According to an article on the WSJ yesterday (you can access it here – copy paste the article title on the Google search to have access to the full version), the Brazilian airline GOL is planning to list its frequent flier unit Smiles.
The Smiles used to be the frequent flier program of Varig, Star Alliance carrier in Brazil that went under, and Gol it and its frequent flier program back in 2006.
It is quite interesting that the airline is valuing the Smiles at around $1 billion USD, when the stock market value of the airline alone is $1.58.
Is is interesting that:
The company says the biggest risk to its business, however, is if more customers redeem points. About 66% of Smiles points were redeemed in 2011, but that rose to 82% in 2012.
It is unclear what exactly they are referring to. Are they expecting to 66% of the points issued in 2011 to be redeemed at some point in time or was the number of miles redeemed 66% of the new ones issued in 2011. Same question goes for 2012 as well.
Smiles makes money by selling points to partners or to members, which are redeemed for prizes such as airline tickets, concert tickets, furniture or other items. The company makes money by investing those revenues for the period between receiving the cash and spending it to buy prizes, as well as by redeeming prizes at a higher value than Smiles paid. The company also benefits from customers who don’t redeem all the points they have earned.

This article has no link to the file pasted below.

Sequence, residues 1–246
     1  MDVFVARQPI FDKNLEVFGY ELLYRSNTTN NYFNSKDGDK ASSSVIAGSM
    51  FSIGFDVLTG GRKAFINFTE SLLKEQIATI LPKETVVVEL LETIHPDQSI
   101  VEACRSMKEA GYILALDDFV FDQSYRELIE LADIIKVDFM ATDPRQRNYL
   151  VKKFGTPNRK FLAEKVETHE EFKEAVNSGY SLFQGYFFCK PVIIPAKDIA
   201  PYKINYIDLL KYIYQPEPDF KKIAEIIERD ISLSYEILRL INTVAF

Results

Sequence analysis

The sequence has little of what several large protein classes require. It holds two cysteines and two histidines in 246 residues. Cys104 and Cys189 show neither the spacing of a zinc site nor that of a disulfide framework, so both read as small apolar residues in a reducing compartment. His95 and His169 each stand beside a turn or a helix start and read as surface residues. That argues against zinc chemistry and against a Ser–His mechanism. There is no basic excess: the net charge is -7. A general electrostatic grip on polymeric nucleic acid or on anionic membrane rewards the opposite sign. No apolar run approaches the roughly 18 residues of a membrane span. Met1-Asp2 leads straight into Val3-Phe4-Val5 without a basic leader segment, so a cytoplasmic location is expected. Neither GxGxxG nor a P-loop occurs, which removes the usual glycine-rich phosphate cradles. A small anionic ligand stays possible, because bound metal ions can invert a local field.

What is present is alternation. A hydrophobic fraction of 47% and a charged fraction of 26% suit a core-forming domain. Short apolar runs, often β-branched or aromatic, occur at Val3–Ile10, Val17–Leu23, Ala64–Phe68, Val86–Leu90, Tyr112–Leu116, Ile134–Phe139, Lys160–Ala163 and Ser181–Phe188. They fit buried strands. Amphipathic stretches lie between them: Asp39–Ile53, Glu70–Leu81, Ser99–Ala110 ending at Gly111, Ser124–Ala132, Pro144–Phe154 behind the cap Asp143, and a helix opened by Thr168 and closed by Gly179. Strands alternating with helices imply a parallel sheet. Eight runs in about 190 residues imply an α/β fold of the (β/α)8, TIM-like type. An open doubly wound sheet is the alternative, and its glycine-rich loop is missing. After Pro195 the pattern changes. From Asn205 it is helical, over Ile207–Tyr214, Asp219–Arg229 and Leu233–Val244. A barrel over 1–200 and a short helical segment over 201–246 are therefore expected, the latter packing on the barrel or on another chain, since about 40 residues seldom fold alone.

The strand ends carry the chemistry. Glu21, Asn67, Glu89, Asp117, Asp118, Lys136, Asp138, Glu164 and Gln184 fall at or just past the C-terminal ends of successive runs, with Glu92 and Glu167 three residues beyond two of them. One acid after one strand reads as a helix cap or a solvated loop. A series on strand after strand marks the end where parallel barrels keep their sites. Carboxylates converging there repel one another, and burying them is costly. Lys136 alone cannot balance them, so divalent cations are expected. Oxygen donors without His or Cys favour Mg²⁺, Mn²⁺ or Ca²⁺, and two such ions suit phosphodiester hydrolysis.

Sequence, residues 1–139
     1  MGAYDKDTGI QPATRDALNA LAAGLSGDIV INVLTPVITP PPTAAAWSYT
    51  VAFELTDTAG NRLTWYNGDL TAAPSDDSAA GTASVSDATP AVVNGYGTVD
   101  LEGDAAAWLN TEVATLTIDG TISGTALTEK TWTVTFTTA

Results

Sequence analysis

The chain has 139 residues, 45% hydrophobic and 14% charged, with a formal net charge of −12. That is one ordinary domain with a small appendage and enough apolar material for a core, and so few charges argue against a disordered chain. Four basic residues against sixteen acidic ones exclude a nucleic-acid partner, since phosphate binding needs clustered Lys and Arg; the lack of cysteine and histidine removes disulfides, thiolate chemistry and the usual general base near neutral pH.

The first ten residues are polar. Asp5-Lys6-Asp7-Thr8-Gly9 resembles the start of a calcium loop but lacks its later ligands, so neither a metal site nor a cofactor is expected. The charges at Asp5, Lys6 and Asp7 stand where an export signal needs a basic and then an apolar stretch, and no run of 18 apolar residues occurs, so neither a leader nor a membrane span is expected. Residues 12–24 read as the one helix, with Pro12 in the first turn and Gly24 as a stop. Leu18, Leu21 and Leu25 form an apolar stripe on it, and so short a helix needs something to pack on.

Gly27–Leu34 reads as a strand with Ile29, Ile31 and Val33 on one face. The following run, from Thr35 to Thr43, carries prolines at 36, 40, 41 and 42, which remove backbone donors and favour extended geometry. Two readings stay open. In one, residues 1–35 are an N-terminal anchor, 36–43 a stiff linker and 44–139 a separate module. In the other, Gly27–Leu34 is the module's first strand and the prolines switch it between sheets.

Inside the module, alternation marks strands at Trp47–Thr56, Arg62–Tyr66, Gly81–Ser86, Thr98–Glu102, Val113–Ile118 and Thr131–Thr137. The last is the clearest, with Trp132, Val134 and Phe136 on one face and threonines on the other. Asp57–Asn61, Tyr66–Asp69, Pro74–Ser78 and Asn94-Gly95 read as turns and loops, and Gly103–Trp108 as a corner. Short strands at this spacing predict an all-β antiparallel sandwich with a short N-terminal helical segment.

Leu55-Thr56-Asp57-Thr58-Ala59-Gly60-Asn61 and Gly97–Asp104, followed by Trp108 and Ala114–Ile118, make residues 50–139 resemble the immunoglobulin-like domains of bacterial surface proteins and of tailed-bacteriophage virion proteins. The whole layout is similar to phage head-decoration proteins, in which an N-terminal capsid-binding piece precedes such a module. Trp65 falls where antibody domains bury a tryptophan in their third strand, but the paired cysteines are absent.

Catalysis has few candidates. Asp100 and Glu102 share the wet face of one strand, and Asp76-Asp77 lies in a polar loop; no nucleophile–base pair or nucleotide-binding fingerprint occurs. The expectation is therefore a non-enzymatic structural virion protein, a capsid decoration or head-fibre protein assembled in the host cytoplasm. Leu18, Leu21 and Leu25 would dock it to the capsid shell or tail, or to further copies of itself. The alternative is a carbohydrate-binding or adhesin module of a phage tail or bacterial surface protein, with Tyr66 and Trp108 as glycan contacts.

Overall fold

Like with all these programs, they get the money up front and must record part of that as a future liability. The difference in price of selling the mile today and the future expected liability can be recorded as profit.
If the future expected liability changes drastically i.e. people start redeeming the miles for flights & merchandise in greater number that the company has expected, the company may have to record a loss. Of course the programs make the rules, so they can devalue the “currency”, in this case the (S)miles, to keep the future liability down.
In the long term, I don’t think that anything good will come out of the airlines selling the frequent flier units or spinning them off like Air Canada did. It could be a short term positive gain for the airline to collect some cash, but it won’t do anything in the long term, however.